Monday, December 26, 2011

The Adventures of Tintin. B+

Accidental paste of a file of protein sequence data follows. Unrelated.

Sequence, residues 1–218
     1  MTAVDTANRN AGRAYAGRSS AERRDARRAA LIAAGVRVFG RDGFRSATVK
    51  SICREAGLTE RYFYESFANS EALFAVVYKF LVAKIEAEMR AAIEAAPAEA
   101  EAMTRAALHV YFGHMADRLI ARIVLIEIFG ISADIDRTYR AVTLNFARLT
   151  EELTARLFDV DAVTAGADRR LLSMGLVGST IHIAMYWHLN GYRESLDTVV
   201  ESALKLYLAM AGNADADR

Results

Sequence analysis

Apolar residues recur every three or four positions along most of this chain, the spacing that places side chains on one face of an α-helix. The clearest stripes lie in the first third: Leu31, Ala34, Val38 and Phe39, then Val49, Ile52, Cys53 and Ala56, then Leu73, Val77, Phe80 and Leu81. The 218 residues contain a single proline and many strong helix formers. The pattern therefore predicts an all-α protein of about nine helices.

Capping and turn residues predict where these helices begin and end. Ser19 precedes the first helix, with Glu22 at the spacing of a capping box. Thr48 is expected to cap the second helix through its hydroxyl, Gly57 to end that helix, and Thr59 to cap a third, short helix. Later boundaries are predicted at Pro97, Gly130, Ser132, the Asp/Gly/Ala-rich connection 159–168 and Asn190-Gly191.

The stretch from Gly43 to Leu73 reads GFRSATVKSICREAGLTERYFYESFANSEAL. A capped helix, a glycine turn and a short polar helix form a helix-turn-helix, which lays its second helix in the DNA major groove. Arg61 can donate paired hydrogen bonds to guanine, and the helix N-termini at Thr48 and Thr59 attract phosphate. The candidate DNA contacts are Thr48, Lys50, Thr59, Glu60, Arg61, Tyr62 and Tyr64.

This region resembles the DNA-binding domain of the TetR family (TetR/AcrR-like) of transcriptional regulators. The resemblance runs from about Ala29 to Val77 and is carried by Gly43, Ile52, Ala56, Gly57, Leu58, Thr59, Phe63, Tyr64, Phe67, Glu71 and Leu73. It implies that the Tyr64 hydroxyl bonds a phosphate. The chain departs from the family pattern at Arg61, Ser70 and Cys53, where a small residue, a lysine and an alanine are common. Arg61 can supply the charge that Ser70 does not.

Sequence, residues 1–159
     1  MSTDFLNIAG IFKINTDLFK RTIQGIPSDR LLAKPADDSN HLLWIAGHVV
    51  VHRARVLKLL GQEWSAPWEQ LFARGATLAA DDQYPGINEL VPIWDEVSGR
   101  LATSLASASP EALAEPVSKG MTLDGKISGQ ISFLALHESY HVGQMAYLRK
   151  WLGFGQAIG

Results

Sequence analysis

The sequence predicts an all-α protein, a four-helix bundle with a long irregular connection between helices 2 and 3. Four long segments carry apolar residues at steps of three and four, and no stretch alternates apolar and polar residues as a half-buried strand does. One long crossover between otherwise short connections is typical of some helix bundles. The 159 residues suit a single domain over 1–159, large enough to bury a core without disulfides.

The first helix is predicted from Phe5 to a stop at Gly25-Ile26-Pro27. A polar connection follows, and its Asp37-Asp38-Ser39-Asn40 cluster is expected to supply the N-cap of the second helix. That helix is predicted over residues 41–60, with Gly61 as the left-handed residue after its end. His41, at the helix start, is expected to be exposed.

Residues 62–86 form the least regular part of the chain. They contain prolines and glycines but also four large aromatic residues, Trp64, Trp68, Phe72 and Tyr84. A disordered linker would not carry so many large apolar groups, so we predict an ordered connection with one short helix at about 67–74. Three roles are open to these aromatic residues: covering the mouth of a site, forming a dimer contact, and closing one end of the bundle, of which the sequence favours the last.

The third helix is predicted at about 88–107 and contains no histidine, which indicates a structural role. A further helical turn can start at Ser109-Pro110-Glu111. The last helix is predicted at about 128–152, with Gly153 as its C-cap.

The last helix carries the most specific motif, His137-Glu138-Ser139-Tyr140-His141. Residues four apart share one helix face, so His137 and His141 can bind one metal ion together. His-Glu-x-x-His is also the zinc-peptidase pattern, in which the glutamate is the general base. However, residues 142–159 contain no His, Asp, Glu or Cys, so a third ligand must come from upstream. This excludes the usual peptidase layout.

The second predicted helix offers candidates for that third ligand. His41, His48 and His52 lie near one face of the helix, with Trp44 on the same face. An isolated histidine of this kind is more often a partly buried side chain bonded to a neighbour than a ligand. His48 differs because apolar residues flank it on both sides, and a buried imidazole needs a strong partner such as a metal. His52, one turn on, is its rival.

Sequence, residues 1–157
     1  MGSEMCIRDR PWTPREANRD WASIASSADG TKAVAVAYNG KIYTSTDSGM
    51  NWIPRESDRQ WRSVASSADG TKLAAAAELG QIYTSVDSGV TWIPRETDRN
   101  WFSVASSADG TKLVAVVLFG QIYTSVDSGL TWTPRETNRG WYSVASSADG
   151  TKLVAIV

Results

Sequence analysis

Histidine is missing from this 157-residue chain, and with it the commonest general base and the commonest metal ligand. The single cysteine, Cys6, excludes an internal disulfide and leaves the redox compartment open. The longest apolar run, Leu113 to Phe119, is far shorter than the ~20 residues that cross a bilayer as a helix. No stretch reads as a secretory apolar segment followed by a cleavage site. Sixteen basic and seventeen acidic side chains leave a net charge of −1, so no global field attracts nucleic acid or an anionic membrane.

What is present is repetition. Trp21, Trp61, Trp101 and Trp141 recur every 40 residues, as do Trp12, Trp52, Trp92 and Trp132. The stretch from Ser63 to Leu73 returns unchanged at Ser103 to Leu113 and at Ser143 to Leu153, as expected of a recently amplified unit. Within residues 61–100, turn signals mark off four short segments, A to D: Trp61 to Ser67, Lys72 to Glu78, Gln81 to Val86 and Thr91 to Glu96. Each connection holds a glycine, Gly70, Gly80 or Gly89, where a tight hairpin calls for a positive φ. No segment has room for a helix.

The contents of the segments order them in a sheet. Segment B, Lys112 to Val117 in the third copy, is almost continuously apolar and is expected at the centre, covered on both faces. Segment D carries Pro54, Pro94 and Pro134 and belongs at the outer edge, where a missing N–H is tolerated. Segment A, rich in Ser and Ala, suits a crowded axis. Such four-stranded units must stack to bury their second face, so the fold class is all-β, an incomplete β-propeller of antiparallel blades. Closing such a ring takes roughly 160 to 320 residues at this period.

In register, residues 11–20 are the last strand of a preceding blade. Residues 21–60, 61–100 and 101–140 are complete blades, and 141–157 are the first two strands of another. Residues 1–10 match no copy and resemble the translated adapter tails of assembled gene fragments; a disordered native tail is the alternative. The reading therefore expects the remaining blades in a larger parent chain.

I wouldn't expect those who aren't familiar with the Herge comics to find The Adventures of Tintin to be a very good movie. One foreign to the source material would likely see the film as a bland, overloaded action picture that's fun to look at. Yet a reader of the comics would see the details and the humor and immediately know that Steven Spielberg and his team of writers get Tintin. This is a movie devoted to its source, firmly intent on not disappointing the true fans. So often a movie adaptation leaves out segments and/or adds problematic content not from its source, yet Spielberg seems set on getting everything right. And despite a few action scenes not found in the comics, he stays very close to the stories he chose for the film. The central source here is The Secret of the Unicorn, one of my personal favorite Tintin adventures. Spielberg uses that tale mainly for the narrative, and then puts in pieces from other adventures for the action scenes. Some say Tintin has too much action, and I could see why after watching the film. Yet the comics have a fair amount of action scenes, too, only they end much quicker on the page than on the screen. Reading an action scene in Tintin is like a brief excursion from the story, yet in the film Spielberg seems to build his narrative around the fights and the chases. For the first half he has a great balance of smooth, brief bits of action mixed with the intrigue of the plot. But after an escape from a large ship, Spielberg suddenly seems concerned with nothing but loud action pieces. They're elaborate, with Spielberg taking full advantage of the possibilities of performance capture animation, but they're also a bit of a grind. The final single-shot stunt Spielberg inserts in the film should have been wowing, but the movie has pummeled the viewer with so much chaos that it's hard to really care about it. That being said, everything works in the film. It feels very close to the perfect Tintin movie, especially when you then go back and flip through the comics again. But I'd recommend those who don't know Tintin to do that first before seeing the film. It's the difference between mediocrity and enormous fun.

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